Paganistan: Notes from the Secret Commonwealth

In Which One Midwest Man-in-Black Confers, Converses & Otherwise Hob-Nobs with his Fellow Hob-Men (& -Women) Concerning the Sundry Ways of the Famed but Ill-Starred Tribe of Witches.

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A Night on Bear Butte, Or: Can a Pagan, in Good Conscience, Go to the Black Hills?

The Black Hills of what is now South Dakota are unquestionably one of the great holy places of North America. They are held sacred by all the local peoples: the Dakota, the Arapaho, the Cheyenne, the Shoshone, the Blackfoot, the Crow. They may tell different stories about why the Hills are sacred, but everyone agrees that they are.

Oh, and did I mention the Witches?


My teacher Tony Kelly's critique of American paganism—being himself a Brit—was that it was rootless. Not having grown from the place that it's in, it's all about long ago and far away. Although less true now than it was in the 70s, this still seems to me a pretty accurate analysis of the situation.

But like all good critiques, Kelly's diagnosis contains an implied solution. If “immigrant” paganisms are rootless, the answer is clear: put down roots. Know your Land.


Vine Deloria Jr.'s classic God is Red is a profound analysis of Native American spiritualities, its central thesis being that they draw their strength from a radical rootedness in the Land.

In the last chapter, he poses the question: If rootedness in the Land is the answer to modernity's spiritual malaise, what of non-natives? Can they too follow the Red Road?

No, says Deloria, Non-natives can't walk the Red Road. They need to find their own way to the Land.


When peoples travel, they take their mythologies with them.

When they settle, those mythologies take root.


Of all the peoples who hold the Black Hills sacred, who can say who was there first?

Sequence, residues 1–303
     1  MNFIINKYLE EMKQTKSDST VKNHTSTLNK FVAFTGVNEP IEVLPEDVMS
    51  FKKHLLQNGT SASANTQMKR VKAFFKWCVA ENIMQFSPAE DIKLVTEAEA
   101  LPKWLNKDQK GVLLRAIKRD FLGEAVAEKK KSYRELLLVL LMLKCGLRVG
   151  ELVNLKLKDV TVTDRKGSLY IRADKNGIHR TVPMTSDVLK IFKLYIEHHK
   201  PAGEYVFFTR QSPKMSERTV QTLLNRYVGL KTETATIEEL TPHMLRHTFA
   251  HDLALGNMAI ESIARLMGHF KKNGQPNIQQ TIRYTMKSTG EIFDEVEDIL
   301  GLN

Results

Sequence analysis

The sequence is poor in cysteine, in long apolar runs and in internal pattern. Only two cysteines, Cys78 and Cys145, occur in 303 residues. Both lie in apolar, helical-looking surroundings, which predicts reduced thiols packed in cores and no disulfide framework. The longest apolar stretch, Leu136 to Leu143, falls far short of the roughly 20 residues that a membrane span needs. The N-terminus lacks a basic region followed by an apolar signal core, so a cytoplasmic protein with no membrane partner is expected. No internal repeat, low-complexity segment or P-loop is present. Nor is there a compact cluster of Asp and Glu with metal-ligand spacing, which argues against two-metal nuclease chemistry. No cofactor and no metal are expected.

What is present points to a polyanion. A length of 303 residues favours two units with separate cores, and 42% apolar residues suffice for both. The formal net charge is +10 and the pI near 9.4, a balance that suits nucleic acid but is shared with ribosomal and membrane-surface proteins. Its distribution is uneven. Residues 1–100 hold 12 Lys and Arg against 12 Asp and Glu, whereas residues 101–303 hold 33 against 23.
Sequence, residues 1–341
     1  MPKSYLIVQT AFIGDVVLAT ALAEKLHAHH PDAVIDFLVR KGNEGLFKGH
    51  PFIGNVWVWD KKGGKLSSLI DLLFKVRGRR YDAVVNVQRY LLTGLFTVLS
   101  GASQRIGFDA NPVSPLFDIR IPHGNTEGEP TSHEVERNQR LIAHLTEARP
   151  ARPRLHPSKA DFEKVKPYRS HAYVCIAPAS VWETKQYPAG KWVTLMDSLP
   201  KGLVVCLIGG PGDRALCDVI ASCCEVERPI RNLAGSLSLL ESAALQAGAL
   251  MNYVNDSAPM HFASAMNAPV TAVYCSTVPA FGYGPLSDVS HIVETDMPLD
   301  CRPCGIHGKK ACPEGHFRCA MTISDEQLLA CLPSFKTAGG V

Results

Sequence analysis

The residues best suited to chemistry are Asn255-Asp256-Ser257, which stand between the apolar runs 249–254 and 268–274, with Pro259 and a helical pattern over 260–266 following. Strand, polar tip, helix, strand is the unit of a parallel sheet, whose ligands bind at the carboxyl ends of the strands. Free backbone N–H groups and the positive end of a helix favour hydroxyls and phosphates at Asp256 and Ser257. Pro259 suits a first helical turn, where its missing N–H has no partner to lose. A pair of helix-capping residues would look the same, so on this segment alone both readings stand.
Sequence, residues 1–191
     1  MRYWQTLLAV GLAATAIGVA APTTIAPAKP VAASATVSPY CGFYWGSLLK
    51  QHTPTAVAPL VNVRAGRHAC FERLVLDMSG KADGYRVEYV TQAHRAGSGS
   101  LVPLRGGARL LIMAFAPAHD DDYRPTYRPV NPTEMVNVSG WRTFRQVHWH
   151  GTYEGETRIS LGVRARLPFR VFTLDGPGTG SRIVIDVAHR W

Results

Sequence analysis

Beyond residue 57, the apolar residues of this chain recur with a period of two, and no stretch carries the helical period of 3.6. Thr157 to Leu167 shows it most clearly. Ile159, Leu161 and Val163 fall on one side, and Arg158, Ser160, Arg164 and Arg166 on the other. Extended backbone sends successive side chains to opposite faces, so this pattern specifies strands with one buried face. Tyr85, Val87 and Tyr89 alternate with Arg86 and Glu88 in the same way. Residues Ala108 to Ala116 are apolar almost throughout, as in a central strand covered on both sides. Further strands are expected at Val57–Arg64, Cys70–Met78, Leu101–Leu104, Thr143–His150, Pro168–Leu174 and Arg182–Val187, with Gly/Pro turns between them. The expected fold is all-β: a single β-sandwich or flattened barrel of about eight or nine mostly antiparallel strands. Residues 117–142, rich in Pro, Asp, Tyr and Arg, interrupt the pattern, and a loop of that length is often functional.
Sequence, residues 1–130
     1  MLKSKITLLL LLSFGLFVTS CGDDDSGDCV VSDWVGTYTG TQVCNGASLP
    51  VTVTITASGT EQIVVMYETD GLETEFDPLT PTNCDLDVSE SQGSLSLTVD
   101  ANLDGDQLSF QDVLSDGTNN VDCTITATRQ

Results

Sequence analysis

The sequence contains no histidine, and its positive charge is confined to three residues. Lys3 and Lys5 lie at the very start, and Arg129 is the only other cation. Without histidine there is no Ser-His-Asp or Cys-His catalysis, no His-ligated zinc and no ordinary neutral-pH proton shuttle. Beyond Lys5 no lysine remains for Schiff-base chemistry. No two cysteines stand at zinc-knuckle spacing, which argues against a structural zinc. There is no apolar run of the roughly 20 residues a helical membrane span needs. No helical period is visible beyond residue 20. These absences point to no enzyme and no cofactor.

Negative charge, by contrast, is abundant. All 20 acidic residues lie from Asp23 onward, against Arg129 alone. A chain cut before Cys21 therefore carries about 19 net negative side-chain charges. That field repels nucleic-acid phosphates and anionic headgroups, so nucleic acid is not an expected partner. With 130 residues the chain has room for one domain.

The story of the New People in the Land who in time become yet another of the Old Peoples in the Land is one of humanity's oldest stories.

How long does it take to become native? A generation? Ten? A hundred?

In every Land, there are special places. These are the holy places of the Land; there, the Land speaks with special clarity to those who listen.

Pagans will never be the oldest people in this Land. But if we are to live in this Land, we must (as Tony Kelly said) learn to live in it, not on it. And to do this, we must have intimacy with the Land.

To do this, we must Listen.


So: can pagans, in good conscience, go to the Black Hills? Or to the other holy places of the Land?

To this, I would say: We can.

And it may even be that we must.


And have we not wheeled

with the constellations

around the Bison Man

in immemorial sabbat

on windy, high Bear Butte?


Vine Deloria, Jr., God is Red (1972). Barnes and Noble.


For Bekah Elie Bel, Hearthwitch Down Under:

with thanks, for raising the question.






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Poet, scholar and storyteller Steven Posch was raised in the hardwood forests of western Pennsylvania by white-tailed deer. (That's the story, anyway.) He emigrated to Paganistan in 1979 and by sheer dint of personality has become one of Lake Country's foremost men-in-black. He is current keeper of the Minnesota Ooser.


  • Anthony Gresham
    Anthony Gresham Sunday, 21 August 2016

    I remember reading God is Red back in the 70's. I think I also read Custer Died for your Sins. I can't say that I remember much of either one and they are no longer in the library system so I can't go back and check on them.

  • Steven Posch
    Steven Posch Monday, 22 August 2016

    God is Red was reissued recently in a new 30th-anniversary edition, so maybe it will be turning up soon. I've had good luck with interlibrary loan.
    At the time, I can remember being impressed by his clarity of thought, and the relevance of his arguments to pagan experience as well. I'm planning to revisit myself. Hope you can turn up a copy.

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